How Google’s RankBrain uses artificial intelligence to handle 15% of search queries
Google has announced that it is using artificial intelligence (AI) to help it handle up to 15 per cent of search queries.
The part of the company’s search algorithm, which has been nicknamed “RankBrain” internally, is thought to be Google’s largest deployment of AI to date.
Google is the world’s most popular search engine. It receives more than 3 billion search queries per day globally. In this part of the world it enjoys a virtual monopoly, with a market share of up to 97 per cent.
AI and machine learning have played an important role in search for some time. But Google’s main search algorithm is thought to still rely heavily on human-generated code, which of course has its limitations, especially when dealing with never-seen-before search queries.
Speaking to the Bloomberg news agency earlier this week, Greg Corrado, a Google research scientist specialising in AI and machine learning, said RankBrain had been interpreting a “large fraction” of queries for the past few months.
Google uses 200 or so signals to determine where pages should rank for a given query. While RankBrain is just one of these signals, Corrodo revealed that it had become the third most important since its rollout.
“I would describe this as having gone better than we would have expected,” he admitted.
The use of AI and machine learning feels like a natural next step after the release of Google’s Hummingbird algorithm.
When it first went live back in 2013, Google said Hummingbird would interrogate queries and return pages not just based on particular keywords, but on the assumed meaning behind full search terms.
This was nothing new. Google had been using its vast index to make assumptions about what users want since the launch of universal search, when it started to serve up different types of results (images, videos, maps etc) without needing the user to specifically ask for them.
But that was all based on Google’s Knowledge Graph: this piece of information relates to that piece of information, so we can make your search results richer.
What’s different about RankBrain is that it’s not using existing “knowledge” held by Google. It’s an additional step in the process, giving machines, rather than human-generated code, more of a say in what users see when they run a search Google hasn’t seen before.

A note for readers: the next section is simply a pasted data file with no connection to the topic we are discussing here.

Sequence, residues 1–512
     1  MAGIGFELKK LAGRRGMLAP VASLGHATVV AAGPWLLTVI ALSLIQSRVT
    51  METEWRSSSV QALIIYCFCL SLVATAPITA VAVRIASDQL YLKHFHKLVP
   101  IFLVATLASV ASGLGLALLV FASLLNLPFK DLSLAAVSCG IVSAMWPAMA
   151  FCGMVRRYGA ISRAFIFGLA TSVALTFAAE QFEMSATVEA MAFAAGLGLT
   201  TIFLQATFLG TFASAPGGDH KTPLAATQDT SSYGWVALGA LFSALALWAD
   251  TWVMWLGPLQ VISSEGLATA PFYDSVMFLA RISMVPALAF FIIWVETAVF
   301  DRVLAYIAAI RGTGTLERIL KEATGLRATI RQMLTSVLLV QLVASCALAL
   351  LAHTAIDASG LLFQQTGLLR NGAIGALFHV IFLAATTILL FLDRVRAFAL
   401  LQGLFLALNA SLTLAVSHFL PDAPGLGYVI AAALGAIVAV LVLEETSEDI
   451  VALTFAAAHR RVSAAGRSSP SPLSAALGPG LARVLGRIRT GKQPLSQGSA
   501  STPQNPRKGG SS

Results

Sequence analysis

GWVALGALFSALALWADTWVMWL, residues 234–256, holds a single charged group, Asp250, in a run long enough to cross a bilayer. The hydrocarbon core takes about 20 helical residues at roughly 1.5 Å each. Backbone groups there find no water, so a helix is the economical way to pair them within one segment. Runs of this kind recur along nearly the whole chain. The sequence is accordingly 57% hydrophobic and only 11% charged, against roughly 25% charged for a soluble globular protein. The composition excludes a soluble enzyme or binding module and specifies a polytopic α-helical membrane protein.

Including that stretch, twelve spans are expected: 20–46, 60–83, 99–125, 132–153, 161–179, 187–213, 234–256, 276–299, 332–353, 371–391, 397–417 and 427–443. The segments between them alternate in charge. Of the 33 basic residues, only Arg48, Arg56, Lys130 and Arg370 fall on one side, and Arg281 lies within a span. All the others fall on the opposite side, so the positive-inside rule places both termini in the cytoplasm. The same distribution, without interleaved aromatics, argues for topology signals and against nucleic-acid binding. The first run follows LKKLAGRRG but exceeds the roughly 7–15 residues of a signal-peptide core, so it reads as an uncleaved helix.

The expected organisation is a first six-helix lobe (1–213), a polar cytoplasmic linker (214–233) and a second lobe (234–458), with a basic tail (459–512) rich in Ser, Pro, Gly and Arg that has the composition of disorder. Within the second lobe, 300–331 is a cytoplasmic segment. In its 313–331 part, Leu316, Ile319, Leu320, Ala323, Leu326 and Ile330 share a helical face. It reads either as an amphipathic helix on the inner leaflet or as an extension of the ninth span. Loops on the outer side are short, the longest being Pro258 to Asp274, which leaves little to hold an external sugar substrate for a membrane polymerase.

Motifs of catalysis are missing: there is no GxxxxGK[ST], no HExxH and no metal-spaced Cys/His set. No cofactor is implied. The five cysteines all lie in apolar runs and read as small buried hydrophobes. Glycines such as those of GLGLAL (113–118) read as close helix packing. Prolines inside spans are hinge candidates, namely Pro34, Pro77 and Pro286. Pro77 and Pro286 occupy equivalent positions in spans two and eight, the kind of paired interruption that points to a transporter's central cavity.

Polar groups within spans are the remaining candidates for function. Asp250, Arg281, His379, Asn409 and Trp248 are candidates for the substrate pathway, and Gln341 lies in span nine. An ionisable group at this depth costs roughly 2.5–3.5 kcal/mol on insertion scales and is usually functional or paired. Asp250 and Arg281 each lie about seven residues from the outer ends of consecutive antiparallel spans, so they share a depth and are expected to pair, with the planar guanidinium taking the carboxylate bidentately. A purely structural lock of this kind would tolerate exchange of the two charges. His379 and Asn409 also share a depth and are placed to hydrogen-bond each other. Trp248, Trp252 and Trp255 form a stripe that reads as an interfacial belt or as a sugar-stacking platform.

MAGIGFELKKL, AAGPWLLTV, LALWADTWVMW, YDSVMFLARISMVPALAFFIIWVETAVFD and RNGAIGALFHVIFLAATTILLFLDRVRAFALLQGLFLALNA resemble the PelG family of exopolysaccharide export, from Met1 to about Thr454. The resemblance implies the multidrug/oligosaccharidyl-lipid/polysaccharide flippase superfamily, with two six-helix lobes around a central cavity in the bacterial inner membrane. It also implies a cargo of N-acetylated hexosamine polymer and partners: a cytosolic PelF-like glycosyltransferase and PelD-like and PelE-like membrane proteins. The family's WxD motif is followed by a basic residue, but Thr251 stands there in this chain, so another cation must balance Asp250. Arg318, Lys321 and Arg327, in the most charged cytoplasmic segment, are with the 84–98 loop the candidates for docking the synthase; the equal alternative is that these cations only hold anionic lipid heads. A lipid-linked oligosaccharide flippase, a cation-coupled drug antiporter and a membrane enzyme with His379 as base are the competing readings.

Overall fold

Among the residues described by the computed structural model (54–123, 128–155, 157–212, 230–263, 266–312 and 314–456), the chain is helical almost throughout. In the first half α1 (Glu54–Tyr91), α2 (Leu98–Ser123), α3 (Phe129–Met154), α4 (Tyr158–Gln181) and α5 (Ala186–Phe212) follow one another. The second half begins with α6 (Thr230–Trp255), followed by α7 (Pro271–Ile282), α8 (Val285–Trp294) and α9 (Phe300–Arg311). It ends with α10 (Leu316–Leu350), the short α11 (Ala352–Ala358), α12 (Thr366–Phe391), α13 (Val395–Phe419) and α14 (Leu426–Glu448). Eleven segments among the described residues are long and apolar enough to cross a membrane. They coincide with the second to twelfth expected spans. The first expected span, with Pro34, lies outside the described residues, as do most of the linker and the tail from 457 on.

Maintaining the edge in search
Keeping its search offering ahead of the competition is absolutely vital to Google. That fact was further underlined earlier this month when the company announced its financial results for the third quarter.
Google made USD $16.8 billion from advertising in the three months to the end of September. That represented 90 per cent of its total revenue.
Continuing to hit those sorts of numbers requires Google to remain the go-to when you want to find something online. Constantly adjusting its search algorithm to more accurately return what users are looking for is therefore a top priority.
As well as rising expectations among users and an ever-expanding internet to crawl and index, Google faces challenges from rival search providers.
Facebook, for example, has recently revamped its search offering. The world’s largest social network is keen to leverage the two trillion posts it has indexed from its users to claim an even larger share of the total time people spend online.
Many of these posts are behind a Facebook log-in and cannot therefore be indexed by Google or other search engines.
As well as access to this private treasure trove of content, Facebook also has a lot more information about each user. As well as the search query they’ve used, Facebook will also have personal details, from who their friends are to places they’ve visited, to help shape its search results.